Monash University
20170131-Prata-Thesis.pdf (80.66 MB)
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Active and Passive Satellite Remote Sensing of Volcanic Clouds

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posted on 2017-02-09, 02:00 authored by Andrew Thomas Prata
This thesis presents new and novel research on the satellite remote sensing of volcanic clouds, which was motivated by the need to mitigate the associated impacts of volcanic eruptions on civil aviation and provide deeper understanding on the radiative effects of volcanic ash. Afternoon train (A-train) sensors were used to characterise the horizontal and vertical evolution of the 2008 Chaitén eruption from 2–10 May in southern Chile. The combination of the Atmospheric InfraRed Sounder (AIRS) measurements with the Cloud-Aerosol Lidar with Orthogonal Polarisation (CALIOP) is demonstrated to be an effective synergistic technique capable of detecting volcanic ash in lidar backscatter returns. Geometrically thin (< 400 m) and low-level (< 10 km) volcanic ash clouds were identified. Ensemble forward trajectories from the Hybrid Single Particle Lagrangian Integrated Trajectory (HYSPLIT) dispersion model were generated to demonstrate how the new data could be used to improve Volcanic Ash Advisory Centre (VAAC) operations.
   The CALIOP/AIRS technique has also permitted identification of stratospheric volcanic aerosols. The particulate lidar ratio (Sp) for two classes of volcanic aerosols; fine ash and sulphate has been determined using CALIOP observations. For the volcanic ash layers produced by the Puyehue-Cordón Caulle eruption (June 2011) mean and median particulate lidar ratios of 72 ± 15 sr and 69 sr, respectively, were obtained. For the Kasatochi and Sarychev sulphates, mean (and standard deviation) of the retrieved lidar ratios were 68 ± 21 sr (median 62 sr) and 68 ± 17 sr (median 62 sr), respectively. The volume depolarisation ratio for fine ash was generally much higher (δv up to 0.30) than that found for sulphates (δv from ∼0.05–0.10). However, the Sarychev observations revealed an exponential decay in δv from 0.25 to 0.05. This finding highlights the key importance of depolarisation measurements in understanding the compositional evolution of volcanic aerosols. It is suggested that a criterion of δv < 0.2 could be used to discriminate between stratospheric ash and sulphate layers in CALIOP observations.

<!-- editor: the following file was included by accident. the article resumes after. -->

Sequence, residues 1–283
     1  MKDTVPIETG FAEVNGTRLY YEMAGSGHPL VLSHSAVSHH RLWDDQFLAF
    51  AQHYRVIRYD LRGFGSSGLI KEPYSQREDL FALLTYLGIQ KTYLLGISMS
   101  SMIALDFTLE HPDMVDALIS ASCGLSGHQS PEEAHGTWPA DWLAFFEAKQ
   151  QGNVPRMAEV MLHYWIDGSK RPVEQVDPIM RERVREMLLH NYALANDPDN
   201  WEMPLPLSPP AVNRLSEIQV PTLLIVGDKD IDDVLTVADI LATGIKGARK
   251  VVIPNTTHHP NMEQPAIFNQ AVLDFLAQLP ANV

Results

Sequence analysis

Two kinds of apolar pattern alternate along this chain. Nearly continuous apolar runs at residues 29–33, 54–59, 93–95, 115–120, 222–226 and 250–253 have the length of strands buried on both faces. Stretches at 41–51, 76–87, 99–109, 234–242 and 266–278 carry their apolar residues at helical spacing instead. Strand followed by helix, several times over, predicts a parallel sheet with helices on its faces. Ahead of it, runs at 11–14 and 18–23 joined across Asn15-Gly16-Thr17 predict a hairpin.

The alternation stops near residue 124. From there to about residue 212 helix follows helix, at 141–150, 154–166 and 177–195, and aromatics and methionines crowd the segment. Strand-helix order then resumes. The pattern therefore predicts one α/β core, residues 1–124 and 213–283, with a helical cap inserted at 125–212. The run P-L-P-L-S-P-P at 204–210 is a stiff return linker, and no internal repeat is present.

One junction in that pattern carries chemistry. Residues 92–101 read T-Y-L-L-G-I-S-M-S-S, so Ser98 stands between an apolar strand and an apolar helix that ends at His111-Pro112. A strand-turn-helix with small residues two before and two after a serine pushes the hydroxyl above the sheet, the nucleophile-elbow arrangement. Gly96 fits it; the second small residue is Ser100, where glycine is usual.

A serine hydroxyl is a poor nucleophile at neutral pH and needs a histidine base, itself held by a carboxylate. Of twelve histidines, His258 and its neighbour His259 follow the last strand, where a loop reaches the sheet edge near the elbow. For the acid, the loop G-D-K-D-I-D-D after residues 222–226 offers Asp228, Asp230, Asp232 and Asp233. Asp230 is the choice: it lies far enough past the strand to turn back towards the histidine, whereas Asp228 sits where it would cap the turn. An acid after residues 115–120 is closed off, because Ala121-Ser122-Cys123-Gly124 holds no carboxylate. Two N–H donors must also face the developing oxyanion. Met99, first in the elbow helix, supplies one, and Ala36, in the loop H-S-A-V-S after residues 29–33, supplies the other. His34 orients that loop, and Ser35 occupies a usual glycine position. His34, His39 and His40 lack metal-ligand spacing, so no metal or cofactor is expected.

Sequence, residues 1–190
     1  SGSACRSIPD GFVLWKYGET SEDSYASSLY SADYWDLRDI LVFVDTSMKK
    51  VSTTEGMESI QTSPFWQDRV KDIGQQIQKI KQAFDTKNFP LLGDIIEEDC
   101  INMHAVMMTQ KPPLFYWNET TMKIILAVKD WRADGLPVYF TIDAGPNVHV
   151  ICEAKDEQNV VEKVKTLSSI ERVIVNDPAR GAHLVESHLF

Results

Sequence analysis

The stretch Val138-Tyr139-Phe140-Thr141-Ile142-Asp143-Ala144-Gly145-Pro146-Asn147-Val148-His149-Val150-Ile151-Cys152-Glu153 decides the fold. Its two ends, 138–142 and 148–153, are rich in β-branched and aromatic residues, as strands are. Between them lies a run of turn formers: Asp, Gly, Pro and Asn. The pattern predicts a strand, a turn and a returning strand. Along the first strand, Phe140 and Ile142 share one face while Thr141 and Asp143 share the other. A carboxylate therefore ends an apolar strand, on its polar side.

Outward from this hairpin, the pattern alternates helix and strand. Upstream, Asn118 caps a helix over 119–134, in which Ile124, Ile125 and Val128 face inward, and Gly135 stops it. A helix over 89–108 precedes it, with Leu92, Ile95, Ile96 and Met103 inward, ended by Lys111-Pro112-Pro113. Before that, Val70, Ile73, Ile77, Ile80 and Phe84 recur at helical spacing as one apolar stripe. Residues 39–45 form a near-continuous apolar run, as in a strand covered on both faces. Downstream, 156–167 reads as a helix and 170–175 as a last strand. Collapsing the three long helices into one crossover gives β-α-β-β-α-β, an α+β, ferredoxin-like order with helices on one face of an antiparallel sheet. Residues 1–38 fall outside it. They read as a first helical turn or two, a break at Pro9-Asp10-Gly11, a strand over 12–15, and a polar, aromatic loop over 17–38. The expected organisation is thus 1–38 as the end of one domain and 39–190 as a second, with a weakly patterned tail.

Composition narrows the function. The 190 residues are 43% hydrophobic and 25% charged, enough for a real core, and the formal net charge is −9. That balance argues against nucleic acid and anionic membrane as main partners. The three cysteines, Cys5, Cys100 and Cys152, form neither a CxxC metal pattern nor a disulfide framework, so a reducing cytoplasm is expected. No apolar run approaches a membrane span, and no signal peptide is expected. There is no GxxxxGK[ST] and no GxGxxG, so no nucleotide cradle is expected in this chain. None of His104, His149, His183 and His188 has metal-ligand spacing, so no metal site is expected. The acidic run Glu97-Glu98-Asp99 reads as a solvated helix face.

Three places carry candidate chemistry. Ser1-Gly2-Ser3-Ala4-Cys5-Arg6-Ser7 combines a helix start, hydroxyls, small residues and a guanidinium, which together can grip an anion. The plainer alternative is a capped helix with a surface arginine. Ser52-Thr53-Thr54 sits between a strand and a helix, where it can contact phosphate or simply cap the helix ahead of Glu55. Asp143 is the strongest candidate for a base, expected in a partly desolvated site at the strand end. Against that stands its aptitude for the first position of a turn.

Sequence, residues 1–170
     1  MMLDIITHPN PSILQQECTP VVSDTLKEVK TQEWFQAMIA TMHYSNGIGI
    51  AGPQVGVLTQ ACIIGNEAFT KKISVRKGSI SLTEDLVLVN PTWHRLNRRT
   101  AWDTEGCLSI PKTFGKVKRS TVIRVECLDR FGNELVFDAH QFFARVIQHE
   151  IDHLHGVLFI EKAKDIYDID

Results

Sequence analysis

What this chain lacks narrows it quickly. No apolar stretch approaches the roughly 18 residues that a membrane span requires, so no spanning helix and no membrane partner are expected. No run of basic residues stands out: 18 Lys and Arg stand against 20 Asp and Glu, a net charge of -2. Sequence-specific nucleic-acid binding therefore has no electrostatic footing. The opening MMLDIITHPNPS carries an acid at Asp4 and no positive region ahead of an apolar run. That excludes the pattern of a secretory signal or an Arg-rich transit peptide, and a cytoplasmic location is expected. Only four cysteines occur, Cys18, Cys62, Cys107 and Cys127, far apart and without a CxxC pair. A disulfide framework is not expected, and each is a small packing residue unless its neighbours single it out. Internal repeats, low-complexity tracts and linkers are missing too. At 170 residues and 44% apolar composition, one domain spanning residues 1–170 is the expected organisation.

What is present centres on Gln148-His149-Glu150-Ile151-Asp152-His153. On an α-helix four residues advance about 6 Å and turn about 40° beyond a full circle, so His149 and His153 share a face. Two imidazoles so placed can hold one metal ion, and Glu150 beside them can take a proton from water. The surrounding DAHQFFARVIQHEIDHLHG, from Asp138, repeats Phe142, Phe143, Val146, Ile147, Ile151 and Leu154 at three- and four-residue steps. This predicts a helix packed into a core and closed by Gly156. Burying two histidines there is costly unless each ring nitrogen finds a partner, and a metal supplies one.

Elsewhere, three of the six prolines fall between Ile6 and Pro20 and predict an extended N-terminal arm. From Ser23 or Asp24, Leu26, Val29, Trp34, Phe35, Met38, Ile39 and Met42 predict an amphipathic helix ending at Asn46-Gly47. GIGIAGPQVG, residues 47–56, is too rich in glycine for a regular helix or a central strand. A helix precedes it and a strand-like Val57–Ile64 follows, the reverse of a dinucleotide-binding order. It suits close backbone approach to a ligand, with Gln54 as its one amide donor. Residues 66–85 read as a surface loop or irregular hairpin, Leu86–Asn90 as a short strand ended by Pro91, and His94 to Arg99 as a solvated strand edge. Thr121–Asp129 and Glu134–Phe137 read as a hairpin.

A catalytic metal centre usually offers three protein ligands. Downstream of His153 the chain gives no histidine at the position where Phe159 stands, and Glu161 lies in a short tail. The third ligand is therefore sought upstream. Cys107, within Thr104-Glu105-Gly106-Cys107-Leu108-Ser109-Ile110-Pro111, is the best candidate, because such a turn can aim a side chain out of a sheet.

Finally, A-train satellite measurements have been used to characterise the immediate radiative effects of the Calbuco (April 2015) volcanic ash clouds. The Calbuco ash layers were estimated to have produced a strong SW cooling (−60 W/m-2) at the top of the atmosphere (TOA). However, this cooling was offset by an even stronger LW warming (78 W/m-2), which resulted in an net warming of ∼18 W/m-2 at TOA. In contrast, a net cooling (−58 W/m-2) was induced at the surface. The LW heating rates of the Calbuco ash clouds were estimated to up to 20 K/day, while maximum SW heating was an order of magnitude lower (∼3 K/day).


Campus location


Principal supervisor

Steven Siems

Additional supervisor 1

Michael Manton

Year of Award


Department, School or Centre

Earth, Atmosphere and Environment


Doctor of Philosophy

Degree Type



Faculty of Science